July 25, 2014
The New Orleans Police Department must pay $20,000 in legal bills and fees for withholding police reports, a court of appeal has ruled.
An employee with the Louisiana Capital Assistance Center in 2011 requested reports and investigation records related to a criminal investigation, touching off a battle over public records. Ethan Brown, who was identified in court records as a journalist with the legal group that assists in death penalty defense, eventually won access to the files — except those the department claimed were destroyed during Hurricane Katrina. And a three-judge panel of Louisiana’s 4th Circuit Court of Appeal last week ordered the NOPD to pay all of his legal bills.
It’s unclear if the city plans to appeal. Attorneys for the city did not respond to a request for comment from NOLA.com | The Times Picayune.
The lawsuit says the records request was related to Aaron Harvey, who is dead. A man by the same name was shot dead in 2007 on a Bywater street corner after a fight in a downtown bar, but the court records do not say if that’s the same person who was the subject of the records request.
Brown argued that since the files he wanted were related to a dead person, the NOPD could not claim the files were exempt from release because of possible future litigation.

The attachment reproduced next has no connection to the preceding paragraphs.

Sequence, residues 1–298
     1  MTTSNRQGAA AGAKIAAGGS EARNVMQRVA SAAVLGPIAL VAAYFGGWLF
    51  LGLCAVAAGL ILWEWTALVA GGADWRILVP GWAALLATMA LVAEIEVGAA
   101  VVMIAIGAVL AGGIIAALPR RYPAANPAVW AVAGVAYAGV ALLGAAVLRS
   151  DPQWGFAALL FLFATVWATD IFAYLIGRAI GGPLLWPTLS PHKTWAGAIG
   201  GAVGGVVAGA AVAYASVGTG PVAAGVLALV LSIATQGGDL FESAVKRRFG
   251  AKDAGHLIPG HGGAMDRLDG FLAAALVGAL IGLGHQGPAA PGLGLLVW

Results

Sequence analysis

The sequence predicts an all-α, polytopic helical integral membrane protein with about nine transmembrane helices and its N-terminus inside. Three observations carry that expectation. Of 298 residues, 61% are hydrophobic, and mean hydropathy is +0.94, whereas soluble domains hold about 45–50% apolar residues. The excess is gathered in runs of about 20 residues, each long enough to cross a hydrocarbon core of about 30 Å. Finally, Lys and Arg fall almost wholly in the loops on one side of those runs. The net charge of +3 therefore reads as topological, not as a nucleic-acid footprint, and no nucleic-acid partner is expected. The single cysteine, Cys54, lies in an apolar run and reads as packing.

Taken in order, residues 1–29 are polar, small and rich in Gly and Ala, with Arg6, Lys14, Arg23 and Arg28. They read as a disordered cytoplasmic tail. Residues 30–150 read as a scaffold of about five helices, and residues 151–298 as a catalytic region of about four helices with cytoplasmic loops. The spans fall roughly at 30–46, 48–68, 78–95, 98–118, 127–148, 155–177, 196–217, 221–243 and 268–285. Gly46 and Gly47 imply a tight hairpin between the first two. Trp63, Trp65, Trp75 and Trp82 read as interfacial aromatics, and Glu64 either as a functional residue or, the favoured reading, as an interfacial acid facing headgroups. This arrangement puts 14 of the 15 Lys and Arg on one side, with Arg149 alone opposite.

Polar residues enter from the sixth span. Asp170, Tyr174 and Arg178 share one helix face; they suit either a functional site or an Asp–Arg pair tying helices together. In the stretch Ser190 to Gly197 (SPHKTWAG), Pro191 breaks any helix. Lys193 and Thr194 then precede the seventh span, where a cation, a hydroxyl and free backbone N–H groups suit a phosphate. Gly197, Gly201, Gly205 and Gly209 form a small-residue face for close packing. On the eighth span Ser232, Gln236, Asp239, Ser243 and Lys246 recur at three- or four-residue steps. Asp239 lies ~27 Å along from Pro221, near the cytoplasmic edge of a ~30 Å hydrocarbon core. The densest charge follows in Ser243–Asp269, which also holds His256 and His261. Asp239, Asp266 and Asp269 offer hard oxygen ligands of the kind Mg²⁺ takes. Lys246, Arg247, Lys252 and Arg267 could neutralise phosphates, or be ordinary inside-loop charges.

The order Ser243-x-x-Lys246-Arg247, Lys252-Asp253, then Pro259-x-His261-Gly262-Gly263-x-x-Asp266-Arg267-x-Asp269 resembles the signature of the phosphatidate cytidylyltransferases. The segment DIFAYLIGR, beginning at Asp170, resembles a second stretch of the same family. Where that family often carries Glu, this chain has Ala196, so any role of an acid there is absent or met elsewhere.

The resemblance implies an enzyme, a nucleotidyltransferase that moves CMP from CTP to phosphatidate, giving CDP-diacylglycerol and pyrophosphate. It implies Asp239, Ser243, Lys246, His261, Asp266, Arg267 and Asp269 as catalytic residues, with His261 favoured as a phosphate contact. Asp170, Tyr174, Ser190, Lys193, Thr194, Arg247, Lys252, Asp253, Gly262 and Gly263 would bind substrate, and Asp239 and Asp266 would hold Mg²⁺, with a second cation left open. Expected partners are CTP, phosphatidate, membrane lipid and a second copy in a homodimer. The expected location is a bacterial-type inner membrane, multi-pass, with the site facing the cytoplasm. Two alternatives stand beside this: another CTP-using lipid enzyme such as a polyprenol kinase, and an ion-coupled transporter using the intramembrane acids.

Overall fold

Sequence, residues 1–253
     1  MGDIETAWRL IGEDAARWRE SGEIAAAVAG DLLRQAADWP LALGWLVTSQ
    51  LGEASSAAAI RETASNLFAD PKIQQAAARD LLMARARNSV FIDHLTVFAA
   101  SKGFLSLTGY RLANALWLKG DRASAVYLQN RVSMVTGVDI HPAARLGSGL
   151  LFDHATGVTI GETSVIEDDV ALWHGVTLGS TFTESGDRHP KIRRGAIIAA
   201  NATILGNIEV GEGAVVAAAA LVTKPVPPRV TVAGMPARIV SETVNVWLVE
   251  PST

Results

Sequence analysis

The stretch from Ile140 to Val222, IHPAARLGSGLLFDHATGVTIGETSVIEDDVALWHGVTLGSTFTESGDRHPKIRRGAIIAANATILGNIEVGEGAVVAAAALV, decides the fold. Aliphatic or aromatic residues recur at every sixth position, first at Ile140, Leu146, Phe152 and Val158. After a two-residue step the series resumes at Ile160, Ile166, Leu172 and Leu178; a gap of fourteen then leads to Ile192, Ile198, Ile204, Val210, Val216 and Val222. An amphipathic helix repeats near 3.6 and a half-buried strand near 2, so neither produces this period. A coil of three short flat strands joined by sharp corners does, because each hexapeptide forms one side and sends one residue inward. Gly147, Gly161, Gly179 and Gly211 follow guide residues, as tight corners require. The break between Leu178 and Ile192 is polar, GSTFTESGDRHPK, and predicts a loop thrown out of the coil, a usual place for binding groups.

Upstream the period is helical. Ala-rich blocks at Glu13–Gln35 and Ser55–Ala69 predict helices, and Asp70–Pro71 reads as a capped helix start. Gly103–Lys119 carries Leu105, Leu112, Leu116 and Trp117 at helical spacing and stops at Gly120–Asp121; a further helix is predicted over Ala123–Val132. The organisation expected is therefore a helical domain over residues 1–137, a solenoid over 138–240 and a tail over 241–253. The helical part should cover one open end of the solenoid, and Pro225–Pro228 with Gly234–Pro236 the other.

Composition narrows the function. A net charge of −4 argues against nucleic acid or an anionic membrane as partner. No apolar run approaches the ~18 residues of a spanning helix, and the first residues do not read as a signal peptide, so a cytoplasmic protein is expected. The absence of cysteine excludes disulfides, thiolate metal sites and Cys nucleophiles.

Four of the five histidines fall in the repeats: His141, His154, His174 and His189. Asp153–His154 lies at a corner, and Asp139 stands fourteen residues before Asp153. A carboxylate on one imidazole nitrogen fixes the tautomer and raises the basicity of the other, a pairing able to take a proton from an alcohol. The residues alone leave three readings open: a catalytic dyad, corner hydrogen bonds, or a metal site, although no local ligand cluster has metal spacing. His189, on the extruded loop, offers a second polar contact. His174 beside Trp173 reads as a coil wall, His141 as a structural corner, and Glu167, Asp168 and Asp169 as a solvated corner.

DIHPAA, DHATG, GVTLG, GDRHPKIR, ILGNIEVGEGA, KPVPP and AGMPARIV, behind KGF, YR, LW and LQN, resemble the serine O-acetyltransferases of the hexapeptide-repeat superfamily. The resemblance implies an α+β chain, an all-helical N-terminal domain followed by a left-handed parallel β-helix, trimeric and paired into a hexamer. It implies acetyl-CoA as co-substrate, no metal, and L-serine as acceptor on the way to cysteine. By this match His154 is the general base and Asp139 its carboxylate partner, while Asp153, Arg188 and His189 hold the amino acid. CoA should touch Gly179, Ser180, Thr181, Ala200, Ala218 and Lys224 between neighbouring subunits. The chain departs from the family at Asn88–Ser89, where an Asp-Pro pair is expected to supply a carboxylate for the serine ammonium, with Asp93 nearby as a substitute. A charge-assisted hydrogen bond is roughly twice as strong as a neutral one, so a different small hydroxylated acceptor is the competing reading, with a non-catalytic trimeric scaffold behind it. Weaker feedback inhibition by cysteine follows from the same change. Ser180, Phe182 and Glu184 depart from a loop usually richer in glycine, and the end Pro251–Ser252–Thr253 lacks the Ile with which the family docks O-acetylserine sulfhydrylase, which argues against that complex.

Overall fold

After Brown initially made the request, the department said Brown was entitled to initial reports involving Harvey in a handful of cases, but not supplemental reports. Eventually, as Brown pressed to see even those records the NOPD had said were public, the NOPD stopped responding to his emails, and Brown filed suit in Orleans Parish Civil District Court.
A judge ruled in 2012 that Brown was entitled to the initial reports and all reports on a case in which Harvey had been convicted, and awarded Brown $500 for court fees. Brown appealed to the 4th Circuit in 2012 seeking access to all the files, and the court ruled that he was entitled to all of the records he requested. There are times, the unanimous panel said, when supplemental reports can be made public.
The trial court awarded Brown $1,400 in damages, and Brown appealed again to get the full amount of his costs, which totaled about $17,000, and punitive damages. The court awarded Brown at total of $20,344 for court costs and fees.
The ruling comes after NOPD in November was ordered to pay more than $8,000 after improperly denying a records request from the Innocence Project New Orleans, a not-for-profit legal group.